Section 17 – Confirmation of decree for dissolution by District Judge
Every decree for a dissolution of marriage made by a District Judge shall be subject to confirmation by the High Court. Cases for confirmation of a decree ‘for dissolution of marriage shall be heard (where the number of the Judges of the High Court is three or upwards) by a Court composed of three such Judges, and in case of difference the opinion of the majority shall prevail, or (where the number of the Judges of the High Court is two) by a Court composed of such two Judges, and in case of difference the opinion of the Senior Judge shall prevail. The High Court, if it thinks further enquiry or additional evidence to be necessary, may direct such enquiry to be made, or such evidence to be taken. The result of such enquiry and the additional evidence shall be certified to the High Court by the District Judge, and the High Court shall thereupon make an order confirming the decree for dissolution of marriage, or such other order as to the Court seems fit: Provided that no decree shall be confirmed under this section till after the expiration of such time, not less than six months from the pronouncing thereof, as the High Court by general or special order from time to time directs. During the progress of the suit in the Court of the District Judge, any person suspecting that any parties to the suit are or have been acting in collusion for the purpose of obtaining a divorce, shall be at liberty, in such manner as the High Court by general or special order from time to time directs. to apply to the High Court to remove the suit under section eight, and the High Court shall thereupon, if it thinks fit, remove such suit and try and determine the same as a Court of original jurisdiction, and the provisions contained in section sixteen shall apply to every suit so removed: or it may direct the District Judge to take such steps in respect of the alleged collusion as may be necessary to enable him to make a decree in accordance with the justice of the case.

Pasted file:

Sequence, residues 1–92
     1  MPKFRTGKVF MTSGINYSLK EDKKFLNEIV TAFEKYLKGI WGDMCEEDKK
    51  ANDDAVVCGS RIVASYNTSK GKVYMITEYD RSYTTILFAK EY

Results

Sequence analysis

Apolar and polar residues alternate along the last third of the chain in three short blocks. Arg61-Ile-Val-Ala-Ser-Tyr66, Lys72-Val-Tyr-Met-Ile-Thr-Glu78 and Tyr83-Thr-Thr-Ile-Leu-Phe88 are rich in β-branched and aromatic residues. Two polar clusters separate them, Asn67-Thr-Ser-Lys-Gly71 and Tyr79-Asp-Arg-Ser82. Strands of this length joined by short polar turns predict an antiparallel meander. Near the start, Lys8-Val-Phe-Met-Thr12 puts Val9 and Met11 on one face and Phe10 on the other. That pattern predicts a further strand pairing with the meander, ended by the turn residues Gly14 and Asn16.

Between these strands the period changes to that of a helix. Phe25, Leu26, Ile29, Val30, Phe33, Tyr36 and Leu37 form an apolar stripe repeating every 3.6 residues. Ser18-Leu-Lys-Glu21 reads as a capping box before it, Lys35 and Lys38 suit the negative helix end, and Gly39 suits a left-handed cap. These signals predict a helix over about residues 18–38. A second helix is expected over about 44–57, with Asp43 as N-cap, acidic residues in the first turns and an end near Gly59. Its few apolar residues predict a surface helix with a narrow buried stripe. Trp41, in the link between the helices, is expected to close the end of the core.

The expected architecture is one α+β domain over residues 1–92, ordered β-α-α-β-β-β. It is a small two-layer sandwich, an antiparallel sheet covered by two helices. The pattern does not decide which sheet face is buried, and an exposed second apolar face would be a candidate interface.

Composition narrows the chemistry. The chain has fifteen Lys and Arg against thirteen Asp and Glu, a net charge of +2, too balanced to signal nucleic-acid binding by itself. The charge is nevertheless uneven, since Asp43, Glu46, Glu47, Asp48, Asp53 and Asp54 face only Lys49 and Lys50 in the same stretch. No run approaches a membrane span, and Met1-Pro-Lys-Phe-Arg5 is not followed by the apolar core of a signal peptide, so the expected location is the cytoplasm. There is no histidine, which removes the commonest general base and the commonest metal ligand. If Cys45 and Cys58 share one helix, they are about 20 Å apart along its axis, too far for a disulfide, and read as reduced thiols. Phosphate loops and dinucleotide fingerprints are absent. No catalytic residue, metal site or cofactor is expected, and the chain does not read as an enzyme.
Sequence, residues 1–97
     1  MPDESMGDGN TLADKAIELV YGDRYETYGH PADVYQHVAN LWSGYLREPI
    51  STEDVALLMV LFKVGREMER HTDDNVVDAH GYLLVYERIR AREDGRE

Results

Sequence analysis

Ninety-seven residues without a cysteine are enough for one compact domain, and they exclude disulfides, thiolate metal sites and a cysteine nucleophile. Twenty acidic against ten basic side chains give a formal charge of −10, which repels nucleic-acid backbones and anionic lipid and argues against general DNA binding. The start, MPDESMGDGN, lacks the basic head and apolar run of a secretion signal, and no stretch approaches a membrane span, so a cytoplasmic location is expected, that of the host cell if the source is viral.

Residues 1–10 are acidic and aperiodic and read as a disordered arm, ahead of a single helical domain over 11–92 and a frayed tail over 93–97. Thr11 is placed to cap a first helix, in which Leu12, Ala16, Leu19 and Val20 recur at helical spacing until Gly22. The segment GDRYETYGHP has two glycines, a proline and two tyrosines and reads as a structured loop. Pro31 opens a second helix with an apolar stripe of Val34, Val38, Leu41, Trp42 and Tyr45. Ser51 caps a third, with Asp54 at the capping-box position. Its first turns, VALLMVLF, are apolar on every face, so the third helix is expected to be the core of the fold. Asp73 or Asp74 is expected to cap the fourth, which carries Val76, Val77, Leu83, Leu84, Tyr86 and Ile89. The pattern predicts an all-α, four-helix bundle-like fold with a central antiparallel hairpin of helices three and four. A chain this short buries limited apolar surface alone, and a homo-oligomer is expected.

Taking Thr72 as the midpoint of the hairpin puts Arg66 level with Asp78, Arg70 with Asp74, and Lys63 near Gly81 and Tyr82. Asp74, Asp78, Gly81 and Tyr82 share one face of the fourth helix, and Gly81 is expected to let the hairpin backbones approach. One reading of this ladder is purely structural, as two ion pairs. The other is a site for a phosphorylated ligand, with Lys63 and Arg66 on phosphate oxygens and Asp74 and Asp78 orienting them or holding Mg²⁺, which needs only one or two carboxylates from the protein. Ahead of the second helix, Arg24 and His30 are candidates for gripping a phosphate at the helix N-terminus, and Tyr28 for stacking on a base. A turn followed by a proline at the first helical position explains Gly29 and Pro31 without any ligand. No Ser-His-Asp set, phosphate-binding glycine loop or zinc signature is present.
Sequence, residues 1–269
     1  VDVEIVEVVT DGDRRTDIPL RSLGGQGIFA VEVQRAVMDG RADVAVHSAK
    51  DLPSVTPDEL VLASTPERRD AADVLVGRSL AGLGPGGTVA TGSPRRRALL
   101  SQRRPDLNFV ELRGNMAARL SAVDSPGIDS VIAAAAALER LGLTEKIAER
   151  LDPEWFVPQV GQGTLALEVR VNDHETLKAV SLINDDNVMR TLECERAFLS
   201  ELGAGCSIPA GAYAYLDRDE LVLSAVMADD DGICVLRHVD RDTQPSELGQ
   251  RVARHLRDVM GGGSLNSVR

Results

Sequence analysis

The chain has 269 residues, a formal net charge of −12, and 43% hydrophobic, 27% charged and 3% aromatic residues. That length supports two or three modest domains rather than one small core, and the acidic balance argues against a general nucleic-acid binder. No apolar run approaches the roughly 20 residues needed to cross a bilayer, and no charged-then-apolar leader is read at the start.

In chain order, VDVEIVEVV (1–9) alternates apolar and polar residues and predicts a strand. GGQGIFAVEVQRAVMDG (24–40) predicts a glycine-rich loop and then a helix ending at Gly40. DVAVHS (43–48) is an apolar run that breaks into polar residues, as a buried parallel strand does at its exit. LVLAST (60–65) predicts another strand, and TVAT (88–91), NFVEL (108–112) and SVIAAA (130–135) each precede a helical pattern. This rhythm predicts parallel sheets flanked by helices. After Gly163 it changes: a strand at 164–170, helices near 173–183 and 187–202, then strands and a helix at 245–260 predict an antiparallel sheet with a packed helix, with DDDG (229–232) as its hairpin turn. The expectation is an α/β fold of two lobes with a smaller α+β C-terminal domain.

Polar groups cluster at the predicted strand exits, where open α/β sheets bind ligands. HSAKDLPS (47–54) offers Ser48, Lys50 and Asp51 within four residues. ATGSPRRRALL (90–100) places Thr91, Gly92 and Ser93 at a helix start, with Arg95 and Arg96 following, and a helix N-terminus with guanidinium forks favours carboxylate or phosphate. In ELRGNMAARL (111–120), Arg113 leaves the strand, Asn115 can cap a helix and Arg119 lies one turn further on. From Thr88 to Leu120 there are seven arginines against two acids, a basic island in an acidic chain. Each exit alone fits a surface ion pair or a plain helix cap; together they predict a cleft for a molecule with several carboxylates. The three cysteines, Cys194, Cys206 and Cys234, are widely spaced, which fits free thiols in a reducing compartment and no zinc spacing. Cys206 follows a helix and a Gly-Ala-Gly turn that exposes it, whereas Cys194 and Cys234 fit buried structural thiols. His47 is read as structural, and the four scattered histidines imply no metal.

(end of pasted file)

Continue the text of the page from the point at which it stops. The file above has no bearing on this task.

Section 17A – Appointment of officer to exercise duties of King’s Proctor
The Government of the State within which any High Court exercises jurisdiction, may appoint an officer who shall, within the jurisdiction of the High Court in that State, have the like right of showing cause why a decree for the dissolution of a marriage should not be made absolute or should not be confirmed, as the case may be, as is exercisable in England by the King’s Proctor; and the said Government may make rules regulating the manner in which the right shall be exercised and all matters incidental to or consequential on any exercise of the right.